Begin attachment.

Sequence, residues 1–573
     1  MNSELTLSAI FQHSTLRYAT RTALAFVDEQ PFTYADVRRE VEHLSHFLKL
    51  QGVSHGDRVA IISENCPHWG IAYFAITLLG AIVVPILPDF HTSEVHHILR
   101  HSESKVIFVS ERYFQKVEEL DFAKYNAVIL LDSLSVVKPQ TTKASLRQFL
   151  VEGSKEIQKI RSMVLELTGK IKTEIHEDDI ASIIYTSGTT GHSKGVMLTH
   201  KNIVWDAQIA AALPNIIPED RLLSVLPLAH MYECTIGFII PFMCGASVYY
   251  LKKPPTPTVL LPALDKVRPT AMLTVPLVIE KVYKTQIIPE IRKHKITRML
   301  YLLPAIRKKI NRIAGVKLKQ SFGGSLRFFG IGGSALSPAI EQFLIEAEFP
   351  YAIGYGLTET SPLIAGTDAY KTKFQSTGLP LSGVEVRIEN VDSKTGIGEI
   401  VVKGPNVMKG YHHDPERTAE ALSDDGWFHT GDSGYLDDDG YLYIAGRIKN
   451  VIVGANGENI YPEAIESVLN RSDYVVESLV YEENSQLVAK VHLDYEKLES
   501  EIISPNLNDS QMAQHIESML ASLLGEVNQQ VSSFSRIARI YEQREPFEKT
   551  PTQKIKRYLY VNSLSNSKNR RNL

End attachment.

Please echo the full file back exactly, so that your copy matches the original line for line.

Sequence, residues 1–573
     1  MNSELTLSAI FQHSTLRYAT RTALAFVDEQ PFTYADVRRE VEHLSHFLKL
    51  QGVSHGDRVA IISENCPHWG IAYFAITLLG AIVVPILPDF HTSEVHHILR
   101  HSESKVIFVS ERYFQKVEEL DFAKYNAVIL LDSLSVVKPQ TTKASLRQFL
   151  VEGSKEIQKI RSMVLELTGK IKTEIHEDDI ASIIYTSGTT GHSKGVMLTH
   201  KNIVWDAQIA AALPNIIPED RLLSVLPLAH MYECTIGFII PFMCGASVYY
   251  LKKPPTPTVL LPALDKVRPT AMLTVPLVIE KVYKTQIIPE IRKHKITRML
   301  YLLPAIRKKI NRIAGVKLKQ SFGGSLRFFG IGGSALSPAI EQFLIEAEFP
   351  YAIGYGLTET SPLIAGTDAY KTKFQSTGLP LSGVEVRIEN VDSKTGIGEI
   401  VVKGPNVMKG YHHDPERTAE ALSDDGWFHT GDSGYLDDDG YLYIAGRIKN
   451  VIVGANGENI YPEAIESVLN RSDYVVESLV YEENSQLVAK VHLDYEKLES
   501  EIISPNLNDS QMAQHIESML ASLLGEVNQQ VSSFSRIARI YEQREPFEKT
   551  PTQKIKRYLY VNSLSNSKNR RNL